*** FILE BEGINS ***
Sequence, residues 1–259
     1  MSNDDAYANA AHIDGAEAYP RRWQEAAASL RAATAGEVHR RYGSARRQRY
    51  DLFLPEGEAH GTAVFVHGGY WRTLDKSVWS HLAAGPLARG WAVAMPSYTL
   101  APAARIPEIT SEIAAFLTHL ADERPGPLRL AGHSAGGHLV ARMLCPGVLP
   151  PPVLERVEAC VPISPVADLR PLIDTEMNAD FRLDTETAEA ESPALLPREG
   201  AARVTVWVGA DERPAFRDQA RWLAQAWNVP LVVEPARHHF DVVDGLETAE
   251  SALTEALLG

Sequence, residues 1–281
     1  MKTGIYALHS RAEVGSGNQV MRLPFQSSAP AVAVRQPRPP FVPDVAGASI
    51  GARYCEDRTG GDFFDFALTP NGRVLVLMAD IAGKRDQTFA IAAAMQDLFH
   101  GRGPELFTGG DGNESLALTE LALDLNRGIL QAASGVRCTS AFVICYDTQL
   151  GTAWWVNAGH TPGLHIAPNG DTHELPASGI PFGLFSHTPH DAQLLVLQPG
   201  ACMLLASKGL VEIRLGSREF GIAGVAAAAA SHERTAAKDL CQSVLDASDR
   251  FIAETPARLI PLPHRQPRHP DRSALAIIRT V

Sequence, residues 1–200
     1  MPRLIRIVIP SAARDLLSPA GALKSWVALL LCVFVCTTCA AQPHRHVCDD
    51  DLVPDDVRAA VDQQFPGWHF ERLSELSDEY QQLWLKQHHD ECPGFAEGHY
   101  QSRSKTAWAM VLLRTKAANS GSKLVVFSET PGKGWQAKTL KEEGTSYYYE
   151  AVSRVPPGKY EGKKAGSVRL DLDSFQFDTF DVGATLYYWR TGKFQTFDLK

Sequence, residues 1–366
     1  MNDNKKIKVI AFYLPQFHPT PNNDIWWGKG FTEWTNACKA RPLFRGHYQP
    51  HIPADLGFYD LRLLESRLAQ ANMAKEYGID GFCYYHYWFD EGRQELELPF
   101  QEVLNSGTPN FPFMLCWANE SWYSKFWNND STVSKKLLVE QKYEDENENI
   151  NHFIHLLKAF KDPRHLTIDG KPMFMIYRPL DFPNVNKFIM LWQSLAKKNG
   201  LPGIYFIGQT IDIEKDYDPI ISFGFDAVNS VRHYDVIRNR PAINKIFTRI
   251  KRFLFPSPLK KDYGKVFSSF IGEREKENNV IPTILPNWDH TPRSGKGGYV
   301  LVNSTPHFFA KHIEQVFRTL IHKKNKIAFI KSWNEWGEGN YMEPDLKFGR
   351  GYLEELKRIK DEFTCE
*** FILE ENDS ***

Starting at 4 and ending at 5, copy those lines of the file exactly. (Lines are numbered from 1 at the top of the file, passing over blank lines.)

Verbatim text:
   101  APAARIPEIT SEIAAFLTHL ADERPGPLRL AGHSAGGHLV ARMLCPGVLP
   151  PPVLERVEAC VPISPVADLR PLIDTEMNAD FRLDTETAEA ESPALLPREG